Turnagain Pass RSS

ARCHIVED - Forecasts expire after 24 hours.
Fri, December 18th, 2020 - 7:00AM
Sat, December 19th, 2020 - 7:00AM
Wendy Wagner
Avalanche risk The Bottom Line

The avalanche danger remains MODERATE in the Alpine, above 2,500′. Watch for shallow new wind slabs that may have formed in yesterday’s slight bump in ridgetop winds. Additionally, on steep slopes with an overall thin snow cover, or a thin spot in the snowpack, there is still a chance a person could trigger a large avalanche breaking near the ground.

The avalanche danger is LOW at elevations below 2500’.

PLACER VALLEY/SKOOKUM: This zone has just opened to snowmachine use. Be aware that the snowpack is untested and extra caution is advised. Ease into big terrain, look for signs of instability and have escape routes planned.

SUMMIT LAKE: A thinner and weaker snowpack exists in this area. On steep rocky terrain above 2500′, there is still a chance a person could trigger a slab avalanche failing near the ground.

Special Announcements
  • Member Gear Giveaway: To show appreciation for current members and new members that sign up by January 15, the Friends of the CNFAIC will give away three pairs of skis in a drawing on January 16. Go to our website’s Sponsors & Members page and sign up. For as little as $20 your name will be added to the members list, and you’ll be eligible for the ski drawing! Thanks to Ski AK for donating the skis, and to all of you for supporting your local avalanche center.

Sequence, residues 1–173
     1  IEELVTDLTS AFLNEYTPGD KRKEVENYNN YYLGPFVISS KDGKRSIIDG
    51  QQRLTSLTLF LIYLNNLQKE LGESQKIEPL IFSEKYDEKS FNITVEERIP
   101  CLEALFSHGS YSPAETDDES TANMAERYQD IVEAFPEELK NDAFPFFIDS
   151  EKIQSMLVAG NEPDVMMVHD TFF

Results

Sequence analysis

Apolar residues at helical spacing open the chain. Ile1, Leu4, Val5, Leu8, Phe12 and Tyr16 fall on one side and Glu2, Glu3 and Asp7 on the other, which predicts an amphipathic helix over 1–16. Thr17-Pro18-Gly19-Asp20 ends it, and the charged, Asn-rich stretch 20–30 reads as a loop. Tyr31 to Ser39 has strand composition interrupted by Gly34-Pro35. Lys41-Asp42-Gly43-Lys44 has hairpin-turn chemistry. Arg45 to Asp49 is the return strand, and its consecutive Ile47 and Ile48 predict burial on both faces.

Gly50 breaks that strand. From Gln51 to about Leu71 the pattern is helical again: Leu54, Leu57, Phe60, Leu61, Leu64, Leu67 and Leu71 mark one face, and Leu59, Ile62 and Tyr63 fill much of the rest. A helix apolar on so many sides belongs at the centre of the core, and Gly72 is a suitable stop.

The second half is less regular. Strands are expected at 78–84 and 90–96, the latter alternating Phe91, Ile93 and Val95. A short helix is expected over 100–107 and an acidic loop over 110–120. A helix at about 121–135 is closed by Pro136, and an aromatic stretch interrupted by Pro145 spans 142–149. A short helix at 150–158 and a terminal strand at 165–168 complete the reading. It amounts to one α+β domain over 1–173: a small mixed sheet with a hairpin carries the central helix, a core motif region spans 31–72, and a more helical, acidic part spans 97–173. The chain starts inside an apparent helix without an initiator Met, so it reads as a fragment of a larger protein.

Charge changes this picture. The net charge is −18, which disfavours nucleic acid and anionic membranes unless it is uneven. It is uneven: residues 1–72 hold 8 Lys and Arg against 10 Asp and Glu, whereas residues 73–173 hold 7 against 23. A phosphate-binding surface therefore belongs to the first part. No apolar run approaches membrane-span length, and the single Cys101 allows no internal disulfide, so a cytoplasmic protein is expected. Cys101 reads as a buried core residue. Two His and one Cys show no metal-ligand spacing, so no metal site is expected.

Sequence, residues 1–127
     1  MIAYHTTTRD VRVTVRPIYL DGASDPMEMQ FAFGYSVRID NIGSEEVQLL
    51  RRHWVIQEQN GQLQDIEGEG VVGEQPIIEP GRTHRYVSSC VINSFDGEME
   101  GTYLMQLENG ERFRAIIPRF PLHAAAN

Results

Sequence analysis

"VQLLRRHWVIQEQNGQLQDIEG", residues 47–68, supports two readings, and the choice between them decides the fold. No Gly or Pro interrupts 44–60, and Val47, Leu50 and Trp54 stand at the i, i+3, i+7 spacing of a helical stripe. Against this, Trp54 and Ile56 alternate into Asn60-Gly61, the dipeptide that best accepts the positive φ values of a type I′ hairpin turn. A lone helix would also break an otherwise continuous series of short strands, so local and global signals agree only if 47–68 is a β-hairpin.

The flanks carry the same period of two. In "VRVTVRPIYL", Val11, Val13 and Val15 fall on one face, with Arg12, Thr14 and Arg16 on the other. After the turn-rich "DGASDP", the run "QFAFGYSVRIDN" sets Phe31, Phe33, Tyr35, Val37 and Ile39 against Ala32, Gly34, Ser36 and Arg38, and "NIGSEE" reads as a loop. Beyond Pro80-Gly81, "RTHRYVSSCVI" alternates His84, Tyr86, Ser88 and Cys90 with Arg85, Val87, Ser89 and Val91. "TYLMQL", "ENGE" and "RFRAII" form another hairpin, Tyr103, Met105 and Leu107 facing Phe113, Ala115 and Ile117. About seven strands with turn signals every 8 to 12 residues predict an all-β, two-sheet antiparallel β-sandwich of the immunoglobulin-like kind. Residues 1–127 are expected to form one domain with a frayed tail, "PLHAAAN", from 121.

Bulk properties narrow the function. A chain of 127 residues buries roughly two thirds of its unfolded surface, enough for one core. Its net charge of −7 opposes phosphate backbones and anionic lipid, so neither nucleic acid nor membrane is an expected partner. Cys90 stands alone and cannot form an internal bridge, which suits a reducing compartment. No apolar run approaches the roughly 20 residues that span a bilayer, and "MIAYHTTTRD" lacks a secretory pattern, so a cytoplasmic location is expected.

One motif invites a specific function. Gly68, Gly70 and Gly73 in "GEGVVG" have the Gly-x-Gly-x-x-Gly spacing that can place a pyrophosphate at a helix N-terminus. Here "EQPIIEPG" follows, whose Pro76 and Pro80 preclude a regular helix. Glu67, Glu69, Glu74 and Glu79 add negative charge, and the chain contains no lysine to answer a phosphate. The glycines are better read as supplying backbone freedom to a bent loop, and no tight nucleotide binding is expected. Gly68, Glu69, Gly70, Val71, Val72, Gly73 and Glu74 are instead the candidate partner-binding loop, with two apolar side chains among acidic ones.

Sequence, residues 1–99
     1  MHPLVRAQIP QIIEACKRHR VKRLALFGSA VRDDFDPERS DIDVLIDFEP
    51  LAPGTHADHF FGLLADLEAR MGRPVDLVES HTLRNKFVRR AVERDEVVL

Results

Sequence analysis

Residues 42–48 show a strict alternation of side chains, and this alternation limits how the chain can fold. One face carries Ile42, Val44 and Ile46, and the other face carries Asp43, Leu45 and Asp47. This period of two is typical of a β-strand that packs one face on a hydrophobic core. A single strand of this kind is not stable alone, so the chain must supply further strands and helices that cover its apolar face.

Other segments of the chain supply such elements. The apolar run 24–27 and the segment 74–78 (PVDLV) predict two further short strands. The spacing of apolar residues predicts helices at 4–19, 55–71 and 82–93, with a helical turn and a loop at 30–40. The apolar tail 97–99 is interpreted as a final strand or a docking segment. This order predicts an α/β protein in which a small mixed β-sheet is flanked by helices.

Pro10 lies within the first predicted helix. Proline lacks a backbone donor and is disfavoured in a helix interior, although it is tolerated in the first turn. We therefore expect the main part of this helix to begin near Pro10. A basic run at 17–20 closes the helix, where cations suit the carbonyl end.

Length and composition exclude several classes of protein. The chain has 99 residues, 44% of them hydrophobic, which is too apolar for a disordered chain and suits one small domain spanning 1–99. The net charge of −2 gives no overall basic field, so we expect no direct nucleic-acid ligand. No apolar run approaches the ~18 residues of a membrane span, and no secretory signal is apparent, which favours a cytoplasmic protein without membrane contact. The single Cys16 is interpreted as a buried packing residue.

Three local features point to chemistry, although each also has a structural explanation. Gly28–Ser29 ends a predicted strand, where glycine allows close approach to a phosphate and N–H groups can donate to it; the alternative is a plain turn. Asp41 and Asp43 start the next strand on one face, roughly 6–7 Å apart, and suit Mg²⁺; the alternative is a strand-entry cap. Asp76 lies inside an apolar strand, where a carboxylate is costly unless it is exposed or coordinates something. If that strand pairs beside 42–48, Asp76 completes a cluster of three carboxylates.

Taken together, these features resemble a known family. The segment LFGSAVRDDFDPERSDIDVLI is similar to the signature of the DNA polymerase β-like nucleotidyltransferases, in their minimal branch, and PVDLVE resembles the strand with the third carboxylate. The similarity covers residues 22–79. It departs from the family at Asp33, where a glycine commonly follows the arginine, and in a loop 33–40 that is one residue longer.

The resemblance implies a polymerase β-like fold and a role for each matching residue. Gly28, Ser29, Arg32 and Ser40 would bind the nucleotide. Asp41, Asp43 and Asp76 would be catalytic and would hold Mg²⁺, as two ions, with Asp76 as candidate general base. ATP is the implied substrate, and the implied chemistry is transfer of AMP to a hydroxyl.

Fri, December 18th, 2020
Above 2,500'
2 - Moderate
Avalanche risk
1 - Low
Avalanche risk
Below Treeline
Below 1,000'
1 - Low
Avalanche risk
0 - No Rating
1 - Low
2 - Moderate
3 - Considerable
4 - High
5 - Extreme
Avalanche risk Avalanche risk Avalanche risk Avalanche risk Avalanche risk
Travel Advice Generally safe avalanche conditions. Watch for unstable snow on isolated terrain features. Heightened avalanche conditions on specific terrain features. Evaluate snow and terrain carefully; identify features of concern. Dangerous avalanche conditions. Careful snowpack evaluation, cautious route-finding, and conservative decision-making essential. Very dangerous avalanche conditions. Travel in avalanche terrain not recommended. Extraordinarily dangerous avalanche conditions. Avoid all avalanche terrain.